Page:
How to win: Use Rafflecopter to enter the giveaway. If you have any questions, feel free to contact us. If you have trouble using Rafflecopter on our blog, enter the giveaway here

Giveaway ends July 24th at midnight EST.

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Monday, July 18, 2022

Book Review: The Night They Vanished

By Jami Denison

True-crime podcasts and documentaries are all the rage these days, but I’ve never found them particularly enjoyable. While I love domestic thrillers and horror movies, when it comes to true crime, I can’t forget that real people were hurt, are still hurting. That isn’t entertainment for me.

Author Vanessa Savage may feel the same way, as her latest novel, The Night They Vanished, kicks off with a website called The Dark Tourist, “where you can explore the darkest places in Britain, the sites of some of the most notorious crimes the U.K. has ever seen…” When Hanna’s best friend sets her up on a date with Adam, she’s surprised and intrigued by his hobby of dark tourism. But her interest turns to horror when her own family is featured on Adam’s web site. While Hanna has been estranged from her family for 14 years, as far as she knows, they’re alive and well! Is this some kind of bad joke on Adam’s part? But Adam insists he didn’t upload the post about Hanna’s family—he was hacked. And when Hanna goes to find her father, stepmother, and teenage half-sister, they have vanished. Did Adam have something to do with their disappearance? Or has Hanna’s destructive past come back to haunt her?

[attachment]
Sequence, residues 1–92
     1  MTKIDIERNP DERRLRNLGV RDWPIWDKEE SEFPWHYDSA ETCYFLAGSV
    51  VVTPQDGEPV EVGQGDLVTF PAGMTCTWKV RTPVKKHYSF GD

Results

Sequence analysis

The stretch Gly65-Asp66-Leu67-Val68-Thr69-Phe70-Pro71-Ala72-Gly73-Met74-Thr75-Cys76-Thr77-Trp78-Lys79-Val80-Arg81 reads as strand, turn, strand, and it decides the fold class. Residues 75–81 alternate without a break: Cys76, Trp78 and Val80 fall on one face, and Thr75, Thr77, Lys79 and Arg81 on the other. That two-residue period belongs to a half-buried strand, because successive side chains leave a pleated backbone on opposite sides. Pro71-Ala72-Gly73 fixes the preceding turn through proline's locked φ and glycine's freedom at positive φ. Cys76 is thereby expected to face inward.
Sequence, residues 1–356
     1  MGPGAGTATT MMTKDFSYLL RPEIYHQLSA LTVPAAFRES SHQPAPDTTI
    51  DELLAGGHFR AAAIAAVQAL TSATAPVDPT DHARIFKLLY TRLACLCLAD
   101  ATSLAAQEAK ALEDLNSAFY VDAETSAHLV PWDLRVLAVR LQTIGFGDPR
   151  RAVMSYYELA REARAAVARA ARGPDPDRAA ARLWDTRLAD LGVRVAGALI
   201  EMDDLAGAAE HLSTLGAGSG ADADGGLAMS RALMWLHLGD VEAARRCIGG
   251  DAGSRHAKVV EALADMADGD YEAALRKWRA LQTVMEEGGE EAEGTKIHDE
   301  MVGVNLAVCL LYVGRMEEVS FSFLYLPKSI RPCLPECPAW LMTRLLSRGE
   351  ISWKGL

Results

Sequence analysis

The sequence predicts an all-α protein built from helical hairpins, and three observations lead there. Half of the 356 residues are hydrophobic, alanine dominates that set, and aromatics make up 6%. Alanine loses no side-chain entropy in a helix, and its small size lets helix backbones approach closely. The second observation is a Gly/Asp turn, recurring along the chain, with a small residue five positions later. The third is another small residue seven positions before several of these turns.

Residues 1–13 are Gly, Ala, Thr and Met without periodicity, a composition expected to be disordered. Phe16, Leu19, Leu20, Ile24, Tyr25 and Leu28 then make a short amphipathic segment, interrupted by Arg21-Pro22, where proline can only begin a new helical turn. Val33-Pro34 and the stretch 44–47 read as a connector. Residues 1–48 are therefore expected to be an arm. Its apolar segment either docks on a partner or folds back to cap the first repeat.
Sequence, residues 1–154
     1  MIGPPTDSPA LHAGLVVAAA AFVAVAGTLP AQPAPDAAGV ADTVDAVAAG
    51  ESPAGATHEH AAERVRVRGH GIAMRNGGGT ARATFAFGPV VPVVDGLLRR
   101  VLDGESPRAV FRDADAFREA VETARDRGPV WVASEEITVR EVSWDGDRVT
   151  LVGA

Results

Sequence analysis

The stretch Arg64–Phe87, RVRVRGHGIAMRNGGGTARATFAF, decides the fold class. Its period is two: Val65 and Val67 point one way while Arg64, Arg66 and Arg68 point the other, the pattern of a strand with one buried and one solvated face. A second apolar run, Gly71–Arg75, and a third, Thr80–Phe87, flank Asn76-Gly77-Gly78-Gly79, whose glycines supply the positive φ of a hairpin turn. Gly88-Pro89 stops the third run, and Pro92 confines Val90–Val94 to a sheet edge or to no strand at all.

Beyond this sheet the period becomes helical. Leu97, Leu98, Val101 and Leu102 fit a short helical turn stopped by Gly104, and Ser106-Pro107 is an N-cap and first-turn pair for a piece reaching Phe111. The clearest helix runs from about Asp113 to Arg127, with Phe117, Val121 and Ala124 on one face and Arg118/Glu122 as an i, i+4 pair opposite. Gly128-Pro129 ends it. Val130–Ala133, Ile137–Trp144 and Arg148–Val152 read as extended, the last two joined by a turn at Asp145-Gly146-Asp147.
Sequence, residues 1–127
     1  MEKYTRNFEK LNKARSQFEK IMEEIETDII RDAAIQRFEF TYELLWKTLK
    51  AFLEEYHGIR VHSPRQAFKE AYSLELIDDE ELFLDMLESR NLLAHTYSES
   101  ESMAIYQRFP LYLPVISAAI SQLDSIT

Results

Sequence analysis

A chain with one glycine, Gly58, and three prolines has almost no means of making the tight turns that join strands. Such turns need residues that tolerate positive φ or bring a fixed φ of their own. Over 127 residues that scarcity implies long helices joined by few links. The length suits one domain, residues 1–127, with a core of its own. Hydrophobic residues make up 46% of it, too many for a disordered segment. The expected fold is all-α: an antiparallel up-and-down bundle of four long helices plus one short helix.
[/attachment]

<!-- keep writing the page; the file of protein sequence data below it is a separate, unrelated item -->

The Night They Vanished is narrated by two characters—Hanna, in the present, and her sister Sasha, three months earlier. Both points of view are in the first person, and both characters come across very strongly. Hanna is haunted by a secret in the past she refuses to describe, a secret that drove her away from home. And Sasha lives with the consequences of Hanna’s youthful indiscretions, as her father denies her every privilege enjoyed by her peers, even the freedom to walk home from school on her own. As a result, Sasha is bullied and ostracized, leaving her vulnerable to manipulation. Sasha is truly the heart of this novel, and it’s heartbreaking how she tries so hard to please her cruel father, and how she longs for a sister who would care about her.